Are you happy with your job?

“Not happy with your job? Just wait.” (AP)

A study by The Associated Press-NORC Center for Public Affairs Research finds that 9 in 10 workers who are age 50 or older say they are very or somewhat satisfied with their job. Older workers reported satisfaction regardless of gender, race, educational level, political ideology and income level.

Today’s Question: Are you happy with your job?

  • PaulJ

    There’s nothing I’d rather do on a cold Monday morning. I just wish the roads were icier.

  • Scott44

    I never thought I would enjoy working for a goberment entity. But, honeslty, I do like my job and what I do. I don’t always like who i work with, but that is part of life.

  • John O.

    Having a spouse with ongoing medical issues, I really don’t have much of a choice now, do I?

    • Fred Garvin

      No, your work at this point isn’t really a choice.
      Do you see your decision to love and nurture your ailing spouse as a choice?

      • John O.

        Technically? Yes it is a choice. But there was never a question in my case. It is a responsibility because that is part of the deal when a couple makes the decision to say “I do.”

        • Fred Garvin

          As a general question, why you believe that so many others do not take the “I do” as you have?

          • John O.

            I’m not sure Fred. You will have to ask them.

  • Chris Rathbun

    I love that I have a job, but it’s not what I really want to be doing, but the market still hasn’t really recovered fully from 9/11. It’s no wonder these older Americans are happy with their jobs… they got employed when there was a job market to enter into. Too bad they didn’t provide a job market for their children.

    • Onan

      I guess you don’t know about those “more experienced” workers getting the boot from employers in favor of younger, less expensive workers.

      • Chris Rathbun

        it’s not a common occurrence in my reality yet. i am more aware of employers thinking EVERYONE is a recent college grad still living at home and paying a couple dollars above minimum. 🙁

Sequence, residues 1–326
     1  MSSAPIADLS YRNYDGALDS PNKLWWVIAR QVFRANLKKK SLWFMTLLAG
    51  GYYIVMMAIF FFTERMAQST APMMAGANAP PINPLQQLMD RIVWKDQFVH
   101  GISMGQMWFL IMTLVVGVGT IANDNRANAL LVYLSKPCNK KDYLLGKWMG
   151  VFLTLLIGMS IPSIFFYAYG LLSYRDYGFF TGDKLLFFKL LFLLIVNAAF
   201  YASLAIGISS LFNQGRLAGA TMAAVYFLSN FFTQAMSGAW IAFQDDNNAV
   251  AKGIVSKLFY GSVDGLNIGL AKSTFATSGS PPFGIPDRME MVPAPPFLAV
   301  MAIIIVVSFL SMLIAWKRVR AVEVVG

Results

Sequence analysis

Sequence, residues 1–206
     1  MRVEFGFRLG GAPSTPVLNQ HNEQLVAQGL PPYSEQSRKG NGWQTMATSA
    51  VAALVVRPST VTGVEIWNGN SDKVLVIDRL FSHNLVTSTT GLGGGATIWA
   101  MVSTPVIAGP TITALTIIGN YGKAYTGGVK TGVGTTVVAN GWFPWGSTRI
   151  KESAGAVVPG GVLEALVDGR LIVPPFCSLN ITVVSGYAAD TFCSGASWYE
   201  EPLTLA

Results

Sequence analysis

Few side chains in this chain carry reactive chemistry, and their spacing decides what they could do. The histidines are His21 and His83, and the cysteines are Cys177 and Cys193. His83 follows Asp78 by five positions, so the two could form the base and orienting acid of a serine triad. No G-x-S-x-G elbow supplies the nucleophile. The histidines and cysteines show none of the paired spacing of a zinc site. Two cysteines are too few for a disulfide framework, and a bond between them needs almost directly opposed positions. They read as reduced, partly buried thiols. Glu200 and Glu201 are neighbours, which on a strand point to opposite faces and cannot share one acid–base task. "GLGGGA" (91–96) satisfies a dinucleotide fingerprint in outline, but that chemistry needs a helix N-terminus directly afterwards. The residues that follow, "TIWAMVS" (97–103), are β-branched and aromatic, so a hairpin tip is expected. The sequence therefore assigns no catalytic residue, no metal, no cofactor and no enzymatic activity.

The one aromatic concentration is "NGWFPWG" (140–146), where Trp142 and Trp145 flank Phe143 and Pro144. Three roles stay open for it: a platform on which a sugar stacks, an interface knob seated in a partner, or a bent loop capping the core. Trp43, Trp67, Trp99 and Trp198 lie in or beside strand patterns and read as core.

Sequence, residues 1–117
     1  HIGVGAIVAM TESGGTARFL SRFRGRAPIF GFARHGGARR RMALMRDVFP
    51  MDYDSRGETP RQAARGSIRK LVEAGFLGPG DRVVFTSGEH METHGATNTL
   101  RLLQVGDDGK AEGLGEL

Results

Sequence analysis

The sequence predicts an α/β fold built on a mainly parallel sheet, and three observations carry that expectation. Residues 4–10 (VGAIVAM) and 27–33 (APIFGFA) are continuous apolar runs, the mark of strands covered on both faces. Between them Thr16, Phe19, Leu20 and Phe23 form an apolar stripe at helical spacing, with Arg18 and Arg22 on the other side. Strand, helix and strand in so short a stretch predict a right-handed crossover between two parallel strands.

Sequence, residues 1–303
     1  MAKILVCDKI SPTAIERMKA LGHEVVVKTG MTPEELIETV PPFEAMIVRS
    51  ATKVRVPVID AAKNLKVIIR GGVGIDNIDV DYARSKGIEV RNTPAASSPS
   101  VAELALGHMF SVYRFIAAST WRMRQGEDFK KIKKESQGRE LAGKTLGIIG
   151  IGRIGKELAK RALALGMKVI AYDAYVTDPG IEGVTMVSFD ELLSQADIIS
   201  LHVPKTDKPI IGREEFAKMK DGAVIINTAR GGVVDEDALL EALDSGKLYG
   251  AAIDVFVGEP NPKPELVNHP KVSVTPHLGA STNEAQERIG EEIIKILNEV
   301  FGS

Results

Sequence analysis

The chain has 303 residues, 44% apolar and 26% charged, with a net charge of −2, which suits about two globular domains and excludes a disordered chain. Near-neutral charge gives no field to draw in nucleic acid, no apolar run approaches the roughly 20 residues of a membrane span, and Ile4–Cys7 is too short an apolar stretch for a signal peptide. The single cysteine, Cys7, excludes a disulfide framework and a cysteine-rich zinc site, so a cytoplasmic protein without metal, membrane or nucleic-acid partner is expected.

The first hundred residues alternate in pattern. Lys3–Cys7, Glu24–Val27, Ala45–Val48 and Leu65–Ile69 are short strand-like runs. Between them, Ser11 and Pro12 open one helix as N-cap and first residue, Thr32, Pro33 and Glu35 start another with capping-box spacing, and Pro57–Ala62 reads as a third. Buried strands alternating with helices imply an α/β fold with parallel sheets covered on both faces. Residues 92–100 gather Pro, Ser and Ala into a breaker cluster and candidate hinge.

• KTN

    Pretty good gig, lots of travel (Europe a couple times in the next few months, which is always nice). No real downside, other than I have already retired from this career once before, only to be brought back into the fold by smooth talkers – so much for resolve.

  • Joanna

    I have a job in my profession of choice. I love the challenge my job brings and I feel very lucky that I could go back to school during the recession. I think the disatisfaction of young people is due to the investment of time and money into higher education that did not lead to a job in the profession. due to decisions made by the previous generation interviewed as “more happy” young people are coming into the work force with more debt and less opportunity. I am hopeful for the future and happy with my job, but I think as a country we need to do some sole searching for the next generation rather than looking out for only the here and now.

  • Mark in Ohio

    I’m borderline, but slightly yes. I love the work and the technical challenges I deal with. I also work with a great group of people. I feel that work environment is a very important but often under-rated part of job satisfaction. The drawbacks to my job are the travel distance and pay. I have to drive a long way to work, and the real-estate market in my area makes selling / moving a less than desirable option. A lack of raises within the company has left my mid-career experience level receiving just above entry level pay. As management chooses not to address the across the board pay issues here, I’m hoping to rectify this problem by changing jobs, but that will probably mean traveling even farther. I held out as long as I could, but I can’t afford to keep working at break-even any longer.